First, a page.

the last few days?
faltering growth, nutritional treatment should commence in
Reduced food intake during the last few days before admission order to achieve better outcomes. This includes short-term
(not including fasting for an elective procedure or surgery)? outcomes such as shorter hospital stay and less infectious
Pre-existing dietetically advised nutritional intervention? complications, as well as long-term benefits such as better
Inability to consume adequate intake because of pain?
growth and development (Secker and Jeejeebhoy, 2007;
(4) Weight loss or poor weight gain? (1 point) Joosten and Hulst, 2008; Hulst et al., 2009). The nutritional
Is there weight loss or no weight gain (infants o1 year) during the management of faltering growth depends on the severity
last few weeks/months?
(that is, wasted only or wasted and stunted) and the cause of
malnutrition (that is, organic or non-organic; Shaw and
Lawson, 2007). Several guidelines have been published to
assist the clinician in making the correct decision, from oral
Table 2 Nutritional risk score and recommended nutritional
nutritional support to tube feeding and lastly to parenteral
nutrition (ASPEN Board of Directors and The Clinical
Score Risk Intervention Guidelines Task Force, 2002; Koletzko et al., 2005). The
decision with regard to the optimal route of feeding is related
45 High Consult doctor and dietitian for full diagnosis and
to the childs ability to achieve the energy requirement and
individual nutritional advice and follow-up
Start prescribing sip feeds until further diagnosis demonstrate weight gain. If a child does not achieve
13 Medium Consult doctor for full diagnosis; consider nutritional nutritional requirements orally (via oral supplements),
intervention with dietitian. Check weight twice a week then enteral feeding must be considered and in cases
and evaluate the nutritional risk after 1 week
where enteral feeding does not meet the requirements due
0 Low No intervention necessary. Check weight regularly,
conform to hospital policy and evaluate the nutritional to increased requirements, increased losses and/or poor-
risk after 1 week tolerance parenteral nutrition may be indicated. This process
should be managed by a nutritional care team (Kruizenga
et al., 2005).
Table 3 Classification of high-risk disease using the screening tool There seems to be paucity in guidelines on dietary
management for children with faltering growth requiring
Anorexia nervosa Liver disease, chronic
Burns Kidney disease, chronic
oral support. Although disease-specific guidelines exist on
Bronchopulmonary dysplasia Pancreatitis nutrient requirements, no universally accepted guidelines
(max age 2 years) exist for children with non-organic faltering growth, which
Coeliac disease Short-bowel syndrome is more commonly seen. The most common consensus
Cystic fibrosis Muscle disease
Dysmaturity/prematurity Metabolic disease
guidelines used in the United Kingdom have been produced
(corrected age 6 months) by the Great Ormond Street Hospital (Great Ormond Street
Cardiac disease, chronic Trauma Hospital for Children NHS Trust, 2009). These provide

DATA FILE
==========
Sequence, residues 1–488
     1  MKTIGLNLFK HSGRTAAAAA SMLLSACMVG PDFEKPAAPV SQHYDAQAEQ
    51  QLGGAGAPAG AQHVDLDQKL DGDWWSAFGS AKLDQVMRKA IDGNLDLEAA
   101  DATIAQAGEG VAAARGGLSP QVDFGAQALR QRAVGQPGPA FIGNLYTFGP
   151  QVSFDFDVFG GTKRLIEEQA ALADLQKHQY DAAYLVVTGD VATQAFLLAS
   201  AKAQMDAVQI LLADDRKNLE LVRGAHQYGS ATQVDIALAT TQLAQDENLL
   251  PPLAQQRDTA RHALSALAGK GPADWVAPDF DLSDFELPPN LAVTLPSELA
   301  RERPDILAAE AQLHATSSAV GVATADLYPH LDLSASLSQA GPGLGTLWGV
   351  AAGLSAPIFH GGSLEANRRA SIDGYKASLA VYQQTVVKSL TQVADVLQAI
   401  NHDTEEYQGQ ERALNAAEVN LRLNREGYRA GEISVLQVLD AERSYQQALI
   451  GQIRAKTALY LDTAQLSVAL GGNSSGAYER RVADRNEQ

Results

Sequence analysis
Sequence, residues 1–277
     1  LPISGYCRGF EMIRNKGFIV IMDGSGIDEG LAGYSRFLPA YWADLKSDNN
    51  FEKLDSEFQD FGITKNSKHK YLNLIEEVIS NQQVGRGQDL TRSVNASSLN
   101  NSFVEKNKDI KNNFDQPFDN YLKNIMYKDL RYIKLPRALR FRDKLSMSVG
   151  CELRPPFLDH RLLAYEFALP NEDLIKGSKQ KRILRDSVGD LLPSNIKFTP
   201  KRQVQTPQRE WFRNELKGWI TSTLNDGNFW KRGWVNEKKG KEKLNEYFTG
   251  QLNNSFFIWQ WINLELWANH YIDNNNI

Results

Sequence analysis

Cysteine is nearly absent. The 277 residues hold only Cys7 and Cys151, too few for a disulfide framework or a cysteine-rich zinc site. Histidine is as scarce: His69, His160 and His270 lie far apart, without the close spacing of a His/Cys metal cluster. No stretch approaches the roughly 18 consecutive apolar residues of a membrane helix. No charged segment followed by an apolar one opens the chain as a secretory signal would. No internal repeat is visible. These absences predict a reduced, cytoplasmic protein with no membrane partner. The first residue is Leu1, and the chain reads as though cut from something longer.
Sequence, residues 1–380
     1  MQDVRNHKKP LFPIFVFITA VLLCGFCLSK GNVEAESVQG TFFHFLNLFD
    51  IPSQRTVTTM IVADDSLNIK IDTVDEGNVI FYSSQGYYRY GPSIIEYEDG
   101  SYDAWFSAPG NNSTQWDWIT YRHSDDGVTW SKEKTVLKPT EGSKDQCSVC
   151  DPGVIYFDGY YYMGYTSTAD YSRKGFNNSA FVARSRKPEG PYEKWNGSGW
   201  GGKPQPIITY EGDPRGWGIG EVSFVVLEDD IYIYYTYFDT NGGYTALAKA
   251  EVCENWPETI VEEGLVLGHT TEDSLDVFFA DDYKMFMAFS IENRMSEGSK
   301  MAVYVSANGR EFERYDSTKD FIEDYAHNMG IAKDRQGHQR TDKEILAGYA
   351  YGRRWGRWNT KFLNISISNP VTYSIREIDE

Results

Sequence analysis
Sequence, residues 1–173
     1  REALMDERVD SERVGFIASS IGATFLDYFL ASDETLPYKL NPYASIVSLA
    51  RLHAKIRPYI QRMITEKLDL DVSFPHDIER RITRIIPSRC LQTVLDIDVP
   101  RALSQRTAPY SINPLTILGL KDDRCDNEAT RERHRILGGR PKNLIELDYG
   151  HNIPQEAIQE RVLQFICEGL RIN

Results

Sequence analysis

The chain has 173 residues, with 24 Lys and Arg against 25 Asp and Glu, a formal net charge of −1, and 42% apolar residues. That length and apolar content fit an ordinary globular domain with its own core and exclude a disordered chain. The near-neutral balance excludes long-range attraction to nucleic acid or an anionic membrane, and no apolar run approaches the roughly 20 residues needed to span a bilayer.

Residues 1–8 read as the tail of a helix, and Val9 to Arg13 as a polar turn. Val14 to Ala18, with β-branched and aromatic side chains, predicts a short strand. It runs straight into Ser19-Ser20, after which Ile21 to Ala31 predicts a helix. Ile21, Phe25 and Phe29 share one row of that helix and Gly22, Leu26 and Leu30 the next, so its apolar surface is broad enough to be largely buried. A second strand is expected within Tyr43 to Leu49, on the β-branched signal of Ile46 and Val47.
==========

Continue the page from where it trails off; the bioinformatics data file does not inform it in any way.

Infectious disease (AIDS) Mental handicap/retardation guidance on energy and protein requirements in both health
Inflammatory bowel disease Expected major surgery
Cancer Not specified (classified by physician)
and disease, highlighting the importance of an optimal
protein:energy ratio. Following the recent WHO guidelines
for catch-up growth (Table 4), the focus of dietary manage-
ment during faltering growth has changed from supplement-
simplicity of the method. Many experts have attempted to ing only with energy to optimizing catch-up by providing
develop such a tool, but some tools have failed due to their adequate energy and protein (WHO/FAO/UNU expert con-
complexity or inability to detect those at risk. The STRONG- sultation, 2007). These guidelines suggest that 8.911.5% of
kids tool was developed as a simple nutritional risk-screening energy should be supplied as protein, to provide optimal
method and has been shown to work in practice (Hulst et al., catch-up growth of lean and fat mass (from 10 g/kg/day
2009). It helps to raise the clinicians awareness of the 8.9 PE% to 20 g/kg/day 11.5 PE%; 73:27 lean:fat mass).
importance of nutritional status in children. It directs the The importance of a correct protein:energy ratio has also

European Journal of Clinical Nutrition

Nutritional screening and guidelines
K Joosten and R Meyer
Table 4 WHO guidelines for energy and protein intake for optimal References
catch-up growth
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Clarke SE, Evans S, MacDonald A, Davies P, Booth IW (2007).
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Great Ormond Street Hospital for Children NHS Trust (2009).
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and protein requirements that have been published (that is, Hulst JM, Zwart H, Hop WC, Joosten KF (2009). Dutch national
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Conflict of interest et al. (2007). Evaluation of formulas for calculating total energy
requirements of preadolescent children with cystic fibrosis.
Am J Clin Nutr 85, 144151.
K Joosten and R Meyer have received consulting fees from WHO/FAO/UNU expert consultation (2007). Protein and Amino Acid
Danone. Requirements in Human Nutrition, vol. 935. WHO: Geneva. pp 1265.

European Journal of Clinical Nutrition